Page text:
This article is an extract from the Habitat Magazine – May 2023.
Reviving empty spaces in the UK
The high cost of land and construction in the United Kingdom prevents many developers from building affordable homes at scale. For years, Habitat Great Britain has focused its housing efforts on rehabilitating homes and offering them as affordable rentals to address the great need for decent, affordable shelter in the U.K.
In 2018, the council of Barking and Dagenham, a borough in east London, approached Habitat Great Britain with an opportunity to convert an unused storage unit atop an old store into an apartment for young people leaving foster care. A year later, Habitat Great Britain completed the four-bedroom conversion, which included a room for a live-in care worker who could provide wraparound services for the residents.
Habitat Great Britain’s conversion helped vulnerable young people secure adequate housing and join the housing continuum. Tessa Kelly, Habitat Great Britain’s director of development, says the transformation also presented a tremendous cost saving for Barking and Dagenham.
Due to the limited availability of affordable housing in the borough, the locality previously spent £1,100 (US$1,400) a week supporting the emergency shelter and Building on success and expanding to Poland basic needs of the young people leaving foster care.
Following the conversion, the cost to support their rent and care is down to just £150 (US$190) a week.
Building on success and expanding to Poland
Tessa says the success of the conversion and deep interest from partners inspired Habitat Great Britain to launch a three-year project in July 2020 to research empty spaces and demonstrate the feasibility of converting buildings into livable units.
The project expanded its scope to also include empty spaces research and conversions in Poland led by Habitat Poland. Through the project — Filling the Gap: Repurposing empty spaces to prevent homelessness in Mainland Europe — Habitat Great Britain and Habitat Poland commissioned research to better understand the presence of empty spaces or underutilized buildings within their countries.
The research in both countries revealed that local authorities own thousands of empty or underutilized properties. “What are all of those empty buildings going to do?” Tessa asks. “If they’re already built and there’s a housing crisis, shouldn’t we be trying to convert them?”
While they were researching, Habitat Great Britain and Habitat Poland also adapted several empty spaces into flats. Tessa says Habitat Great Britain has transformed three vacant properties into comfortable units with more than a dozen beds offered to people transitioning out of foster care. She expects the residents to stay for an average of 18 months before they transition to independent living. When they move, another young person leaving foster care will take their place.
Unlocking emergency accommodation in response to the war in Ukraine
When the war in Ukraine broke out in February 2022, Habitat Poland quickly sought to increase Poland’s available housing stock to accommodate the sudden influx of refugees. Most apartments they brought to the market came from private owners leasing their flats through Habitat Poland’s social rental program, an initiative offering subsidized rent and services like job training and language courses to refugees.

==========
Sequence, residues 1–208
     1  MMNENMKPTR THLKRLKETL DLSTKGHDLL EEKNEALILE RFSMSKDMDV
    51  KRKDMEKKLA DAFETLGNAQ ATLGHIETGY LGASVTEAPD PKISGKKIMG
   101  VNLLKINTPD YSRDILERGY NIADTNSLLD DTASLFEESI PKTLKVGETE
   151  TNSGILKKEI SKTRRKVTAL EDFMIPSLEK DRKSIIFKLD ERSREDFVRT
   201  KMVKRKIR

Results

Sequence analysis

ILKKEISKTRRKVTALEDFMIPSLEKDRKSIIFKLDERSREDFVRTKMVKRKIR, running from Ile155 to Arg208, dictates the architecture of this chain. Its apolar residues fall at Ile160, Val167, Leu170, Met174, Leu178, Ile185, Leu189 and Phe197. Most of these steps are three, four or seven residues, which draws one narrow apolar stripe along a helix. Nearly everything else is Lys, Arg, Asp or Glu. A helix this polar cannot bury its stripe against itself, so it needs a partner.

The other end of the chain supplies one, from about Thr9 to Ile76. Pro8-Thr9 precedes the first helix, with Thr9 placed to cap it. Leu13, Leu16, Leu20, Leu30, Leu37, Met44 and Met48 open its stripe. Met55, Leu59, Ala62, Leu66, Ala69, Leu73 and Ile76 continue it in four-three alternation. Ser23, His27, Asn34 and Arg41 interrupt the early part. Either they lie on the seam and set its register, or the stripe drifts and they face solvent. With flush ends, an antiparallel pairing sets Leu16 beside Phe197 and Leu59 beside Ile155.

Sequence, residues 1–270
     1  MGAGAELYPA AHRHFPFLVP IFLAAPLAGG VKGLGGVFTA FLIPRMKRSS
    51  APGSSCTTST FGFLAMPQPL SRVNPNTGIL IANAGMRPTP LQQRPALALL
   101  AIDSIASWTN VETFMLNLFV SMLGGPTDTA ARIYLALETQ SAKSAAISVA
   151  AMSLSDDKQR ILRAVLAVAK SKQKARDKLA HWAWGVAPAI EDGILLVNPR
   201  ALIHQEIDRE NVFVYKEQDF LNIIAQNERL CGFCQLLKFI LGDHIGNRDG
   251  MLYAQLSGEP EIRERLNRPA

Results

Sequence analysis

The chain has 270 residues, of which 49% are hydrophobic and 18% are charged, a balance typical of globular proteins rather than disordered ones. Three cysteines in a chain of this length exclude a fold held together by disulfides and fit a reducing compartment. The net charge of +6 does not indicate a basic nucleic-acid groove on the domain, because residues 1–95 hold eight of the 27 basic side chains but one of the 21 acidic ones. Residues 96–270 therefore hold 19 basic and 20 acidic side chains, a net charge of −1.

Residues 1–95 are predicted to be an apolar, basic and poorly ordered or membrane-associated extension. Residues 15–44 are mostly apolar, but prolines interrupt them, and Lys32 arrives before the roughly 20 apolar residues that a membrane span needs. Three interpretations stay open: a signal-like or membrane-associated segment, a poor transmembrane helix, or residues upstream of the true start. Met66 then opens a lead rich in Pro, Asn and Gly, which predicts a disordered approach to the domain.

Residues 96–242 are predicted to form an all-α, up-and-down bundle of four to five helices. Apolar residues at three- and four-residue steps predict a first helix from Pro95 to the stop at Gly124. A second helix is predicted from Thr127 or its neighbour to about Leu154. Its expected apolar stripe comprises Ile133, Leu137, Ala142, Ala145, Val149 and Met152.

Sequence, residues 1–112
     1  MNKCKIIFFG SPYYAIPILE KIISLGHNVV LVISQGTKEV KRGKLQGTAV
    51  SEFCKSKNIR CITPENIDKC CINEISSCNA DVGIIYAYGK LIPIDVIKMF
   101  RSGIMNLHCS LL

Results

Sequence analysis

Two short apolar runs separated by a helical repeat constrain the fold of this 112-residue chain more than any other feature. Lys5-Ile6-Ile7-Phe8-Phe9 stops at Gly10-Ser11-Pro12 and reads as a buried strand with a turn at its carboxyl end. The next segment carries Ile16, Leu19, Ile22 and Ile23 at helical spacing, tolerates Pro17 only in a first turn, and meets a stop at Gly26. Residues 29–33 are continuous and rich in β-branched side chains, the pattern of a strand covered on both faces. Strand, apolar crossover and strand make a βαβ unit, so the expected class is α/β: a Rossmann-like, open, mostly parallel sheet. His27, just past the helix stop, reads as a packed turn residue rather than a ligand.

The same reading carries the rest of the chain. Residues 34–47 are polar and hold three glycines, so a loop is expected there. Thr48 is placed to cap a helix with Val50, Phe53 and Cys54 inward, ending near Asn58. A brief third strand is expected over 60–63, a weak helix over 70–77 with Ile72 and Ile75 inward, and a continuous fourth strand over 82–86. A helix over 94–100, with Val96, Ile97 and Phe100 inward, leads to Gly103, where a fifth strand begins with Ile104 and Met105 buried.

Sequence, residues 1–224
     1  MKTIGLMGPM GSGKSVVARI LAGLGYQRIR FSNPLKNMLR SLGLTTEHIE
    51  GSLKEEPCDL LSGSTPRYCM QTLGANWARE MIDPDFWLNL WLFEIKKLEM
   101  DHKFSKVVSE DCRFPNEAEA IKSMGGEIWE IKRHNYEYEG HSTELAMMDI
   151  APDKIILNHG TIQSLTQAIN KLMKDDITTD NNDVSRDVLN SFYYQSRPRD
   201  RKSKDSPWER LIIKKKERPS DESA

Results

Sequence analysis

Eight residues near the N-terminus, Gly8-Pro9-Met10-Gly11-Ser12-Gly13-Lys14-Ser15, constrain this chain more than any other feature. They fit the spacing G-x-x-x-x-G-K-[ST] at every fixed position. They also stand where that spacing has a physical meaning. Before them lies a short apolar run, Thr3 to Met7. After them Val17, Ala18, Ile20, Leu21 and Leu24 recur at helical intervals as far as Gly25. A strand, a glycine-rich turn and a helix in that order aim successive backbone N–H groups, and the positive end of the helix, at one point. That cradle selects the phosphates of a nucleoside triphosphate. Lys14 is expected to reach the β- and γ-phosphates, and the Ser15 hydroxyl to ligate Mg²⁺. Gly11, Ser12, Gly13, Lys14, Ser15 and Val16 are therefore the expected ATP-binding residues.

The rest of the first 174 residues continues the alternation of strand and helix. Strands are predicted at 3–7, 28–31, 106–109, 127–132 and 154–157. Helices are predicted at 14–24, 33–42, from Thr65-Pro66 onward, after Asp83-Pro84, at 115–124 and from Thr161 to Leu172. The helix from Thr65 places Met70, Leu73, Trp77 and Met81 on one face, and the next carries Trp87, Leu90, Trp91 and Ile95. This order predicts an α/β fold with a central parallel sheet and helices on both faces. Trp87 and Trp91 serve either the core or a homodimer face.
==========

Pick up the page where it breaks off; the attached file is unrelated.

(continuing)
But Habitat Poland also began refurbishing vacant, rundown apartments to shelter more families through its empty spaces initiative. Mateusz Piegza, Habitat Poland’s program development manager, says they’ve renovated more than 20 flats in Warsaw and Silesia, the majority of which have been rented to refugees fleeing Ukraine.
Scaling building conversions in Europe and across the world
Habitat Great Britain and Habitat Poland each released a toolkit detailing their experiences and sharing best practices for converting vacant spaces. Their hope is that governments and organizations across Europe will use the toolkits to scale the conversion of empty spaces into livable, adequate places to call home.
Rick Hathaway, Habitat for Humanity International’s Europe and the Middle East area vice president, believes in the potential of empty space conversions.
“Housing development is complex in Europe with issues of infrastructure, regulations and increasing material supply costs. This work of converting underutilized spaces into housing is something we believe will help more families in Europe access affordable housing. And the reuse of existing spaces can lower the environmental impact of buildings. We’re conducting research and working with municipalities and local governments to scale up what we see as a longterm, sustainable solution for the affordable housing crisis,” he says.
Around the world, Habitat is reimagining affordable housing through our innovative programs. We don’t see a boarded-up building as a vacant space destined for demolition; we see it as an opportunity. By incorporating the repurposing of empty spaces into our scope of work, Habitat is able to help more families open doors to adequate housing.